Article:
Has Nokia's Symbian romance cursed UIQ?

You wait for some hot news on smartphone software -- well, I do -- and then several bits come along at once. This week has seen some seriously fascinating movements in the field -- but what does it all mean for your mobile?

You wait for some hot news on smartphone software -- well, I do -- and then several bits come along at once. This week has seen some seriously fascinating movements in the field -- but what does it all mean for your mobile?

Smartphone software is a bit, well, unloved. It's not sexy iPhone Web apps, or big budget BigPond TV. It just sits there, on your smartphone, doing its stuff, giving you the ability to do mobile e-mail and such like, remaining relatively virus free, and no-one notices what goes on with it.

But this week has been a real hotbed of news in the smartphone software world.

The main players in today's drama are Nokia (which makes smartphones), Symbian (which makes the operating system that sits on smartphones) and UIQ (which makes a user interface platform that sits on the operating system that sits on the smartphones). Ready? Here we go.

One of the stories that caught my eye was Motorola's decision to take a half-share in UIQ, the mobile user interface company spun out from smartphone OS people Symbian, from Sony Ericsson. Apparently, a twosome is not enough either -- Motorola and Sony Ericsson are looking for a third company to join in.

An interesting move if ever there was one. UIQ has previously been largely associated with touchscreen devices and has a relatively tiny market share among its peers. Despite the fact UIQ has always been open for licensing to any mobile maker -- Motorola was a licensee before the acquisition -- it has struggled to ship in great numbers.

A quick glance at UIQ's Web site shows the range of devices the software can be found on and, aside from Sony Ericsson and Motorola, there are only two other licensees -- the now defunct BenQ Mobile and Arima (who?).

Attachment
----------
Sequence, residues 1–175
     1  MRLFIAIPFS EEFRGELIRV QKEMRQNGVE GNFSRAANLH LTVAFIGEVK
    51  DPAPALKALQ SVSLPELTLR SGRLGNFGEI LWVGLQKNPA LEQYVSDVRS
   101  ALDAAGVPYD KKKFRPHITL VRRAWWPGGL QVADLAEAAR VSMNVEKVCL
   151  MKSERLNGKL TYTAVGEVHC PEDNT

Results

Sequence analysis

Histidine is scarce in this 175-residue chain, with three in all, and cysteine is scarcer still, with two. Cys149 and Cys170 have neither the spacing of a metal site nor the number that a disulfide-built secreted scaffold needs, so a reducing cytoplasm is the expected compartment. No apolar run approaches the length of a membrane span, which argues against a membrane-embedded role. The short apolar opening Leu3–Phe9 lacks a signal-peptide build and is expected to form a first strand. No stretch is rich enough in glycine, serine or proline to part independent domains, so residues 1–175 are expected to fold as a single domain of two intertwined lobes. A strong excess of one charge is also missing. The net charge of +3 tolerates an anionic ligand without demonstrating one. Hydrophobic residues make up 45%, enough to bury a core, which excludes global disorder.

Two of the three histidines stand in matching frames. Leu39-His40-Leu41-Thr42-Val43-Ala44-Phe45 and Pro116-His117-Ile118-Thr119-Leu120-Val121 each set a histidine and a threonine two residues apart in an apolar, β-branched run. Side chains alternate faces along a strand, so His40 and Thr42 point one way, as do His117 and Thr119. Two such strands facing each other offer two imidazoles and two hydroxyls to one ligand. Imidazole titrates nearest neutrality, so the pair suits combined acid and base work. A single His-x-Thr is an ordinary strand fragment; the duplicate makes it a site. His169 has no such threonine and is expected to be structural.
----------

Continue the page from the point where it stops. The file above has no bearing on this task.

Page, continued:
UIQ has a blessing and a curse in the shape of its former owner, Symbian, whose operating system it runs on. Symbian is found on millions of handsets worldwide: according to the company, there have been 145 million shipments of phones packing Symbian software. Good news for UIQ, you might think -- millions of operating systems just looking for its platform.

Alas for UIQ, most of those have been on phones made by Nokia, Symbian's chief cheerleader and shareholder. Despite the fact Symbian is owned by a consortium of companies -- Ericsson, Nokia, Panasonic, Siemens, Samsung and Sony Ericsson -- it has always been regarded as a Nokia shop.

And those millions of Symbian shipments have largely been thanks to Nokia placing the OS on its high-end handsets, rather than a concerted adoption effort by a range of manufacturers.

If UIQ software had been clasped to the bosom of Nokia in the same way the Symbian OS has, we'd been talking about its 145 million shipments too. But it hasn't. Nokia has its own user interface platform, S60, which has -- surprise, surprise -- achieved shipments topping 100 million and left no space for UIQ.

So, for UIQ to fly without a Nokia love-in, it would need cross-industry support, but it's hard to imagine Symbian getting out from under the Nokia shadow and, consequently, taking UIQ with it.

But, you might say, Motorola's getting involved -- that's cross-industry support right there? And yes, to a certain extent, it is. However, Motorola has really nailed its colours to the mast on smartphone OSes.

It announced last year it intends to have half of its devices running on Linux within the next couple of years. Add to that it already has a couple of Windows Mobile smartphones in the market and you begin to wonder where UIQ and Symbian can fit in.

So, its best hope for mass-market adoption is presumably under the wing of Sony Ericsson. And, as the Symbian and Nokia partnership has shown, being associated primarily with a single manufacturer can help and harm in equal measure.

Where's a third shareholder when you need one?

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